A lot of things happened at and around the end-Paleozoic mass extinction event. It has proven frustrating to separate out cause and effect. An atmospheric CO2 spike is more likely to have been an effect of a mass die-off than its cause. The PETM (Paleocene-Eocene Thermal Event) of ~55 million years ago shows both a brief (~200,000-year) CO2 spike and an equally brief temperature excursion. There is no agreement as to what “caused” the PETM, but lots of people are trying to use the PETM as a means to get on the AGW bandwagon. One hypothesis for the PETM is collapse of a continental shelf that would have released gaseous CH4 from the mass of methane hydrate that is accumulating within the shallow sedimentary column off many of the world’s coasts. A sudden landslide would have lowered confining pressure, and released billions of tons of methane from the methane-hydrate molecular structure. CH4 is a “potent” greenhouse gas, but a short-lived chemical species. That CH4 spike would have been quickly oxidized to CO2, also a greenhouse gas, and the feedback effect might have kept Earth warm for the requisite 200,000 yrs. Atmospheric levels of both CH4 and CO2 would have returned to pre-landslide values at the end of those 200,000 years.
Under much higher CO2 concentrations than 180-400 ppm, plants and animals very much like what we have now thrived. Green slime was much earlier; we have no reliable reconstructions of atmospheric chemistry for “green-slime time.”
Again, most studies supporting AGW I have seen arbitrarily use time periods that correlate with human existence and in some cases choose to only show the last 200 years – this would equate to focusing on the just last couple seconds of a 470-day period if each day was equivalent to 1 million years! In fact, I have yet to see one pro-AGW study that takes Phanerozoic time scales into account.
Question 3: If CO2 increases have little effect on temperatures and may even lag temperature increases, could rising CO2 concentration itself be dangerous?
Analyses of stomatal density for the period during which fossils of land plants are available (the last ~470,000,000 years) show that atmospheric concentration of CO2 has been as high as 7,000 ppm (Ordovician-Silurian) and fell as low as 180-400 ppm only in the last few million years. The error bars are large, but probably a “good” average value for atmospheric CO2 over the last 470,000,000 years would be 2500-3000 ppm. As I (may have) pointed out in an earlier note, commercial greenhouse operators in USA and Europe routinely maintain a level of ~1500 ppm in their growing spaces to enhance photosynthetic productivity. It seems that higher levels of CO2 confer no additional benefit.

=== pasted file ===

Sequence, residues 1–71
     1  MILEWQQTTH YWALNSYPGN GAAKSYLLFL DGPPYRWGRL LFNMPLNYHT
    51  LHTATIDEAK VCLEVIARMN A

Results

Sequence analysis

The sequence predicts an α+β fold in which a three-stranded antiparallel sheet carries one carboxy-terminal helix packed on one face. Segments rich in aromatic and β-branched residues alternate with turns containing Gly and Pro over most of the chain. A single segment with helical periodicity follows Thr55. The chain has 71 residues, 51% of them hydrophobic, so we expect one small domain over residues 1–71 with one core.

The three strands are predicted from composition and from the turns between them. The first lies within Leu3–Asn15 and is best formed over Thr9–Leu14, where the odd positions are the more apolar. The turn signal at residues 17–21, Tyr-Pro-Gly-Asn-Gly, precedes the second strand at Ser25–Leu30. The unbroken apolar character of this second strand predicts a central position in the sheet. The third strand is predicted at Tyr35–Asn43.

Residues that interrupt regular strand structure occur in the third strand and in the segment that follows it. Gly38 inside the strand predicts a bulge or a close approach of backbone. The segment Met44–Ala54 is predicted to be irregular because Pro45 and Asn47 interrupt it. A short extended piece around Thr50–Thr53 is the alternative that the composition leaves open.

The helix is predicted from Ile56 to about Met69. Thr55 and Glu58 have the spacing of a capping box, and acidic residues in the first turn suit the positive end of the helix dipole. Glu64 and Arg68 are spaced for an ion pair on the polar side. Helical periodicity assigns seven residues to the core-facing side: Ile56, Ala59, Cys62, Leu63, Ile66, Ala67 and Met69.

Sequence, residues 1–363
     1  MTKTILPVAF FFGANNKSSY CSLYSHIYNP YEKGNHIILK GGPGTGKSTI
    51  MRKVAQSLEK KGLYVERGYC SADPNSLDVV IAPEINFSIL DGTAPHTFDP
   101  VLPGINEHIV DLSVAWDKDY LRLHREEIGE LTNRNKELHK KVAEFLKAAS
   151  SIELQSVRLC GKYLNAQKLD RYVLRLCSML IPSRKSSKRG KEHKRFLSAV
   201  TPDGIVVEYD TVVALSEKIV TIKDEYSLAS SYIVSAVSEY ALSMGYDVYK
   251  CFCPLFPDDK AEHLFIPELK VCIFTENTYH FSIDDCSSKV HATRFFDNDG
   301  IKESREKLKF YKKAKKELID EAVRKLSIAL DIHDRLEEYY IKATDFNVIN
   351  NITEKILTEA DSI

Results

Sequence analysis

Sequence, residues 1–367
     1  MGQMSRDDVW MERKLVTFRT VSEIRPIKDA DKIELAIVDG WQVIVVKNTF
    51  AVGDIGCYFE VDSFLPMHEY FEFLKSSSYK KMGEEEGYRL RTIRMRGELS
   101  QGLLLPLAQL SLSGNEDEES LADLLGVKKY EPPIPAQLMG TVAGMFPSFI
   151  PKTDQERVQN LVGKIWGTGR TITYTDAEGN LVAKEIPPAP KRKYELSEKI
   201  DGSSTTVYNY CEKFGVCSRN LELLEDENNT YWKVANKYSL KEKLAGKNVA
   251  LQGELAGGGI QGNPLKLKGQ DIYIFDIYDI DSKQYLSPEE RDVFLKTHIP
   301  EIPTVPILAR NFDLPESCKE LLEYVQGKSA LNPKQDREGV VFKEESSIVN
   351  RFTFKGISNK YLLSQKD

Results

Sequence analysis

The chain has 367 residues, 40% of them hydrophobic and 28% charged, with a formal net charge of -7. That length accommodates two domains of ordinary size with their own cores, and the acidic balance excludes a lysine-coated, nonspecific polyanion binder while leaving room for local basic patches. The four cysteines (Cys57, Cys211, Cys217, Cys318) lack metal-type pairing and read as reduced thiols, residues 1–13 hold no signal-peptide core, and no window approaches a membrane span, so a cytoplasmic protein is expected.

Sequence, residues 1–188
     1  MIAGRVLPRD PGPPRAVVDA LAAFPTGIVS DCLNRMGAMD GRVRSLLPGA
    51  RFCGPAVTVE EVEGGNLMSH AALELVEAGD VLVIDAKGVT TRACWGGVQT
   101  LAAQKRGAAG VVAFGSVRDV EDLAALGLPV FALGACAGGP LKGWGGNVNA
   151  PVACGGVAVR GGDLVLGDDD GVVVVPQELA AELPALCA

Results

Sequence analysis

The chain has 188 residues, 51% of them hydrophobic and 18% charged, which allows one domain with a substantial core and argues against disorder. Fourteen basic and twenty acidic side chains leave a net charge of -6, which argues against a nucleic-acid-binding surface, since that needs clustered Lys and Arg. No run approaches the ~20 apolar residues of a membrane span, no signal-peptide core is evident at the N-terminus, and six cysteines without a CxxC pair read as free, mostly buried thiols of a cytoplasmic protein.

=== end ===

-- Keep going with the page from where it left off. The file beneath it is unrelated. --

Some people have chosen to describe CO2 as a pollutant, and refer to “carbon pollution.” The implication, by some, is that levels of atmospheric CO2 higher than the pre-industrial value may be injurious to human health, because higher levels of CO2 have not prevailed through the period of rise of human civilization (the last ~10,000 years). But the atmospheric concentration of CO2 through the 8 glacial/interglacial cycles now documented from the Antarctic ice cores, 170-280 ppm, is probably the lowest that CO2 concentrations have fallen in Phanerozoic history (the last 540,000,000 years). Some students of the carbon cycle (e.g. Will Happer) have suggested that the world is on the verge of a “CO2 crisis,” as atmospheric levels of CO2 fall low enough to compromise photosynthesis.
At what concentration is CO2 an atmospheric “pollutant”? 400 ppm is only 0.04% of the atmosphere. Oxygen remains at 21%. Water vapor can rise as high as 4%. By any measure, CO2 is in the atmosphere as a “trace” component, but nonetheless an essential component. It is disingenuous, and deliberately misleading, to refer to CO2 as a “pollutant.”
Nobody knows more about the chemistry of breathing mixtures than the US Navy, who operate nuclear submarines that can remain submerged for months at a time. A healthy breathing mixture is maintained in submarines by scrubbing CO2 out of the interior atmosphere, and adding O2 as needed. The US Navy Submarine Guidebook that I last saw instructs submarine commanders to surface and vent the interior atmosphere if the CO2 concentration reaches 7,000 ppm, or 17 times the current atmospheric concentration of 400 ppm. (The US Navy has measured “some cognitive impairment” at ambient levels of CO2 above 7,000 ppm)